Microsoft has second go at single sign-on

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Microsoft has second go at single sign-on

Microsoft has started offering developers a software development kit for its Windows Live ID service.

Windows Live ID allows users to maintain a single sign-on to access any number of services. Microsoft plans to use Live ID to link all of its Windows Live services.

The company also hopes that third-party developers will adopt Live ID 2 and bring more users into the programme.

Website developers will implement the Live ID system by requiring users to click on a link that redirects to the Windows Live sign-in page.

After signing in, users will return to the third-party site with special data that the site administrator can use to decide what specific data and areas of a site each user will be allowed to access.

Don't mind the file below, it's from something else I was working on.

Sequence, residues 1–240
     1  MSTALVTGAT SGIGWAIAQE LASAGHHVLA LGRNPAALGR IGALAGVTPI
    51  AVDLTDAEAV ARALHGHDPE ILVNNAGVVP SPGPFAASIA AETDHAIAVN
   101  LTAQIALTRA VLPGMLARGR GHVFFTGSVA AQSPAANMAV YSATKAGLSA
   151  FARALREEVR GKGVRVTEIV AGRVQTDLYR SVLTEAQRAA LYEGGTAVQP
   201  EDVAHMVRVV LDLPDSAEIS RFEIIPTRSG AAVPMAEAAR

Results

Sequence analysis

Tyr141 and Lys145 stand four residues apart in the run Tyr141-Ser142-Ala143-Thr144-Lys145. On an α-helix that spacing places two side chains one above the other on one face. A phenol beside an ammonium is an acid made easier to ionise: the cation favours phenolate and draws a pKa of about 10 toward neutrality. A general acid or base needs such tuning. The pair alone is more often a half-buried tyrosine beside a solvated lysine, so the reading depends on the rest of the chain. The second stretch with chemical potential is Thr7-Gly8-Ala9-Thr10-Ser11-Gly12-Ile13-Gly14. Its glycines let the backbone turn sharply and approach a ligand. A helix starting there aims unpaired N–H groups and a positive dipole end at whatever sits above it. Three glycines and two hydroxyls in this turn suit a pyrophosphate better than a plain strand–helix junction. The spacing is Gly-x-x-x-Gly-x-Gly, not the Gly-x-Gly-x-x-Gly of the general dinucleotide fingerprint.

Microsoft hopes that Live ID will fare better than its predecessor, the ill-fated Hailstorm project.

Launched in 2002, Hailstorm arrived during the height of the company's anti-trust troubles.

It met with stiff resistance from privacy groups, which claimed that the system would leave user information vulnerable to attack.
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